Image via Wikipedia

Today I fell on my arse. Hard. And I have the scrapes and possible bruises to prove it!

Apparently going uphill on a longboard is a lot harder than it looks when you’ve been riding one a cumulative of … three or four hours. Somehow my trajectory changed from being perpendicular to the hill or the hill changed slopes … all I know is that at some point my legs were crossed and I was in the air.

The result was a very happy swizec with a smile up to his ears. I realized something in that moment –> the reason I fell in love with riding a longboard (I’d say longboarding, but that implies going down a hill and I’m too pussy to do that) so quickly is that I don’t know how to do it!

Three days ago I was such a noob at this stuff it took me longer to get home from college than it would on foot. Now it’s as quick as rollerblading (on my old skates) and getting faster. A lot faster!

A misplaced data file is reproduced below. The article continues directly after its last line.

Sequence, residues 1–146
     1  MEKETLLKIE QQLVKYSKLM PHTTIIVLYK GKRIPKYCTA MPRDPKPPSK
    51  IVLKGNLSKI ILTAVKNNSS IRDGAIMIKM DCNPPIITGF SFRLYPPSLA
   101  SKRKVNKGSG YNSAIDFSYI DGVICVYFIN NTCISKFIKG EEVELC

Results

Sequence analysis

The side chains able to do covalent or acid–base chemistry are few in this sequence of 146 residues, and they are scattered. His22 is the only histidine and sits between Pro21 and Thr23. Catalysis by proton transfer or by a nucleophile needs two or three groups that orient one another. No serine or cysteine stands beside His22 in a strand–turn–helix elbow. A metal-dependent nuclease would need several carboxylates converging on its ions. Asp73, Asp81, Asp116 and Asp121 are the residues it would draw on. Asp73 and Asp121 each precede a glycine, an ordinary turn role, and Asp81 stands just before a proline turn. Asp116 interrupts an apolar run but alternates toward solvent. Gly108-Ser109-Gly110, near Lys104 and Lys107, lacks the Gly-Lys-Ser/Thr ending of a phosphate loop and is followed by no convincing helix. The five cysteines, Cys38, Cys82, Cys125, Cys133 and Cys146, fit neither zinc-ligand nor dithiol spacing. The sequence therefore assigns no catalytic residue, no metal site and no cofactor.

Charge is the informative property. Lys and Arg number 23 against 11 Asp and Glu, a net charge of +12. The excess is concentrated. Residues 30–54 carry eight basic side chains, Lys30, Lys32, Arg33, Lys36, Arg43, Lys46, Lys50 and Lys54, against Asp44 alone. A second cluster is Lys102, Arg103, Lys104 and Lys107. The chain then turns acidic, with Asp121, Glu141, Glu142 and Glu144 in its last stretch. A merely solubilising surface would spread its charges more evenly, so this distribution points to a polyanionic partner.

Thing is, I sort of jumped into the deep end with this. @zidarsk8 just showed me how to stop, I still can’t brake, I can only stop. Sort of. The rest I had to figure out on my own and it’s this steep learning curve that is the most thrilling thing to me.

This is [probably] why I change technologies so quickly. This must be why I started the whole being entrepreneurial thing. If it isn’t hard, it’s boring, and if it’s boring I don’t want to do it.

Jumping into the deep end is fun!

I wonder if there’s a correlation between people who don’t enjoy living safely and startup founders … any idea how to find that out?

Also, I’m left wondering why this love for learning isn’t translating into a good academic track record O.o

Enhanced by Zemanta

Learned something new? Want to improve your skills?

Join over 10,000 engineers just like you already improving their skills!

Here's how it works 👇

Leave your email and I'll send you an Interactive Modern JavaScript Cheatsheet 📖right away. After that you'll get thoughtfully written emails every week about React, JavaScript, and your career. Lessons learned over my 20 years in the industry working with companies ranging from tiny startups to Fortune5 behemoths.

PS: You should also follow me on twitter 👉 here.
It's where I go to shoot the shit about programming.